Despite the lack of information about these journalists, the Arabic Network believes that the Syrian authorities are mainly responsible, especially as it is the only power in Syria, which is “trying to impose media blackout on events to hide the suppression to public freedoms and the brutal assaults against the Syrian citizens for using their right to peaceful protest to demand democratic reforms in the country.”
Another well-respected human rights organization, the Cairo Institute for Human Rights Studies, is gravely concerned about the Syrian authorities’ continued insistence on using excessive force to break up ongoing peaceful protests demanding the right to dignity and democratic freedoms.
CIHRS believes that the repressive security approach undertaken by the Syrian regime “once again proves the utter lack of genuine will to engage in serious reform and exposes the falsity of recent official promises of reform meant to circumvent Syrians’ democratic entitlements and absorb the anger at home and abroad following the brutal crackdown that left at least 123 people dead. Most of the victims died in peaceful protests that have taken place since the second half of March, starting first in Deraa and spreading to several other Syrian provinces.”
The group noted that Syrian President al-Assad admitted a few days ago that reform had been too long delayed in Syria and that the country might face destructive dangers if it did not embark on reform. However, “these exalted phrases found their practical application in further violence against peaceful protests called for by forces demanding democratic freedoms, which has led to the death of an additional 100 people in the first half of April,” the group said, adding that most of the victims were killed in demonstrations in Latakia, Deir al-Zor, Damascus, Baniyas, in addition to Deraa.
While the official media and presidential aides reported that a decision had been made to lift the state of emergency that has been in force in Syria since 1963, President al-Assad quickly dispelled this notion. Instead, he seems to be following in the footsteps of deposed Egyptian president Hosni Mubarak by issuing orders to draft a new counterterrorism law to replace the emergency law.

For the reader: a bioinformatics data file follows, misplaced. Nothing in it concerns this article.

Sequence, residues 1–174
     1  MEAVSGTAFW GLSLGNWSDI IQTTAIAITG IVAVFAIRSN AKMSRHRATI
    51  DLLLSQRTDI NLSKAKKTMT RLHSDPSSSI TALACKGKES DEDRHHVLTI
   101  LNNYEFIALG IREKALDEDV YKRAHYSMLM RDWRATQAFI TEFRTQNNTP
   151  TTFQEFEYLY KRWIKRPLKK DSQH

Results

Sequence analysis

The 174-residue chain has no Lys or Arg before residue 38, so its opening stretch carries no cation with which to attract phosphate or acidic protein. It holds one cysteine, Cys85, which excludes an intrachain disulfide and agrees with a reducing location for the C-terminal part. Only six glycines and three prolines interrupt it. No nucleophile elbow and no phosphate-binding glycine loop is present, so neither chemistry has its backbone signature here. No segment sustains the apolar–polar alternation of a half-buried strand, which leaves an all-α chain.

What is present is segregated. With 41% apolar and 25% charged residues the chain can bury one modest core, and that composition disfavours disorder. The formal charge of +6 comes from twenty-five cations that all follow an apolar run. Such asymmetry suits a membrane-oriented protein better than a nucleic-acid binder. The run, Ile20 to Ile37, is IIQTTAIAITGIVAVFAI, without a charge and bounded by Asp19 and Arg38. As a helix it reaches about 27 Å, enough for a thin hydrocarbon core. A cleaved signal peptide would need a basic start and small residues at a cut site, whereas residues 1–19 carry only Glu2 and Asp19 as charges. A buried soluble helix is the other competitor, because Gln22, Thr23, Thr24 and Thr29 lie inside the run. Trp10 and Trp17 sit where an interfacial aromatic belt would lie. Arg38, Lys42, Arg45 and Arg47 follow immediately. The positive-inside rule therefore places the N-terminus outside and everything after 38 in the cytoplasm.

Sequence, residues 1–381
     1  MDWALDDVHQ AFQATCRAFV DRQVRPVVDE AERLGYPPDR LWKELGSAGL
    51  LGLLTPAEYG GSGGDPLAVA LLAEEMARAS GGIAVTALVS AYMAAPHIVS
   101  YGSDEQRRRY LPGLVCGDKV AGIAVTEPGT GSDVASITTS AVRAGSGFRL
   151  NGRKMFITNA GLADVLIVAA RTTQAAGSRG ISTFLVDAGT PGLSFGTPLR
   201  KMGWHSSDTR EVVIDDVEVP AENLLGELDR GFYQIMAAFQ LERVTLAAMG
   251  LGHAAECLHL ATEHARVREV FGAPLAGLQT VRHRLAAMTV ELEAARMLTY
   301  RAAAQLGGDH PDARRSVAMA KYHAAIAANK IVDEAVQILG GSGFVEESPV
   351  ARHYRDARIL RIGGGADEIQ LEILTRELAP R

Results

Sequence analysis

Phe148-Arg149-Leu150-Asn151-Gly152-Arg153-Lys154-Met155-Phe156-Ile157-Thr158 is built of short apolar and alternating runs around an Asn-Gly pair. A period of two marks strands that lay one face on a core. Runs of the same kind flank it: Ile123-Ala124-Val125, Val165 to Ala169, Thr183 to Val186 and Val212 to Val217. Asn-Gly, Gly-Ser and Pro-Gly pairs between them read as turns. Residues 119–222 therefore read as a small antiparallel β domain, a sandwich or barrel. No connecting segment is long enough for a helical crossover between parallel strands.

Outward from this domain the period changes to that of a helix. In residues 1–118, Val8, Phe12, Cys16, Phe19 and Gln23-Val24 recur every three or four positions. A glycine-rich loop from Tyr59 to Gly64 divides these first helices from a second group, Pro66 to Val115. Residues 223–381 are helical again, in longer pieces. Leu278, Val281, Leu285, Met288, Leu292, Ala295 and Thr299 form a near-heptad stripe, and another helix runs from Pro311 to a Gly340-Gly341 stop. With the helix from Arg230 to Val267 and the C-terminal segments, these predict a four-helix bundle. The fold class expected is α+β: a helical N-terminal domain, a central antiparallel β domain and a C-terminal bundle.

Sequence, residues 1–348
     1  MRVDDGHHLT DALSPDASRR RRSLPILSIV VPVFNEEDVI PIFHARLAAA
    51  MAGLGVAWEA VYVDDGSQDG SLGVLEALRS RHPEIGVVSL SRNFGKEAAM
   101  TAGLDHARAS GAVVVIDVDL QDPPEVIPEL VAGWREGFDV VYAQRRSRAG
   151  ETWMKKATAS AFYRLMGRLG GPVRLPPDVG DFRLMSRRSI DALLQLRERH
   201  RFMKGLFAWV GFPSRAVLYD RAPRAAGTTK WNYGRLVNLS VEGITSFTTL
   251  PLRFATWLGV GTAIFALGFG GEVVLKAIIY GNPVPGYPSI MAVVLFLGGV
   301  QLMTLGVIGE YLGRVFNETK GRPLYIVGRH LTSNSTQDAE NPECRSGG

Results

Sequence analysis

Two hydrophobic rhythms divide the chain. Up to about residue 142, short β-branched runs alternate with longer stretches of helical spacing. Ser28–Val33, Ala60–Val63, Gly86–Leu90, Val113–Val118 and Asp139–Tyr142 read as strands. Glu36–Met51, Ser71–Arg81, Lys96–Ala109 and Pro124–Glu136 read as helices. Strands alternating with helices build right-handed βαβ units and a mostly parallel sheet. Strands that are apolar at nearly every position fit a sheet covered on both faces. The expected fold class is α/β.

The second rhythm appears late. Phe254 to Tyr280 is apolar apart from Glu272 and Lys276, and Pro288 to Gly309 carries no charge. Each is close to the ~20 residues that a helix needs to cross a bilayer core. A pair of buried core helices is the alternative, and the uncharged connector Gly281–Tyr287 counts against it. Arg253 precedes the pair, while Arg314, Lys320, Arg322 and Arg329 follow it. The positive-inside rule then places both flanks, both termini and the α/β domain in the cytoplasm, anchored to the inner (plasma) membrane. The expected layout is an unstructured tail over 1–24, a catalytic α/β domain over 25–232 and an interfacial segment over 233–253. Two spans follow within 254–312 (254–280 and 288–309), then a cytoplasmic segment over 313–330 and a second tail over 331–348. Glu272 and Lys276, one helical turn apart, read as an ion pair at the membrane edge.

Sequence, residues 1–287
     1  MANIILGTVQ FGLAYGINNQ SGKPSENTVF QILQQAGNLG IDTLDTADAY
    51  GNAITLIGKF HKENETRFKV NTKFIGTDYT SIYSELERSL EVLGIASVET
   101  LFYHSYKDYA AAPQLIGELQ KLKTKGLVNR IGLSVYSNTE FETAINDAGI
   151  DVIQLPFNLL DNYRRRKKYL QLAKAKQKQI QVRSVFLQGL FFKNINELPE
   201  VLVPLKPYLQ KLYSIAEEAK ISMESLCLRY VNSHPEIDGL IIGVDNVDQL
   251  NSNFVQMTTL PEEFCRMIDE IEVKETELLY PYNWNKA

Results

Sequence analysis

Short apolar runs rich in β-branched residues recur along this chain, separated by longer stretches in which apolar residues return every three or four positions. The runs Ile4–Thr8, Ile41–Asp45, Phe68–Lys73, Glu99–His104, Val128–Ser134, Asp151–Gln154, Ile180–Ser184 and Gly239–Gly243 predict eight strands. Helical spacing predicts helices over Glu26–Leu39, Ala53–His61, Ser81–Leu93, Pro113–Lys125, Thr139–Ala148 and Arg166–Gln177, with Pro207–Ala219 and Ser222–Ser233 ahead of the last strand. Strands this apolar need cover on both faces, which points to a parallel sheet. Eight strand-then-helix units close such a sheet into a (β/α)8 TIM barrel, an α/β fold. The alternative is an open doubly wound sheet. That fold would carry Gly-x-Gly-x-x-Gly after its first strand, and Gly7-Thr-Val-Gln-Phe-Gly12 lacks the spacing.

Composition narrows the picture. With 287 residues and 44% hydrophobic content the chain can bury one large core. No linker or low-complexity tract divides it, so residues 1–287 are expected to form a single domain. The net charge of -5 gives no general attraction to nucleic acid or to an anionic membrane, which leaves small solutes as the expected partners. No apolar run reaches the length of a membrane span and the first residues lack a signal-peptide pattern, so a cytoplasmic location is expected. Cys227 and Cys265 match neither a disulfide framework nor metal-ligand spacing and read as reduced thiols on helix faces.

“The practices of the Syrian authorities clearly show that the Baath regime is incapable of learning the lesson from the revolutionary uprisings in the Arab region, which have thus far led to the downfall of two of the most recalcitrant examples of police rule in the Arab world - Egypt and Tunisia - and which are shaking the thrones of tyrants in Libya and Yemen,” the CIHRS said.
It further warned that continued repression and deception by the Syrian regime to avoid addressing demands for reform and democracy “threaten to throw the country into an intractable spiral of violence.”
The group is calling on the UN Human Rights Council to convene a Special Session to discuss the rapidly deteriorating situation in Syria and consider measures to end the abuses of the Syrian authorities.
CIHRS stresses that “saving the country from violence and avoiding the Libyan or Yemeni scenario of armed conflict, which threatens wide-scale civil war, require the Syrian regime to exercise the utmost responsibility toward its people and to immediately adopt serious, far-reaching measures that respond to the aspirations and sacrifices made by Syrians to achieve democracy.”
At the end of April, Pres. Barrack Obama signed an Executive Order imposing sanctions against Syrian officials and others. He said, “The United States condemns in the strongest possible terms the use of force by the Syrian government against demonstrators. This outrageous use of violence to quell protests must come to an end now. We regret the loss of life and our thoughts are with the families and loved ones of the victims, and with the Syrian people in this challenging time.”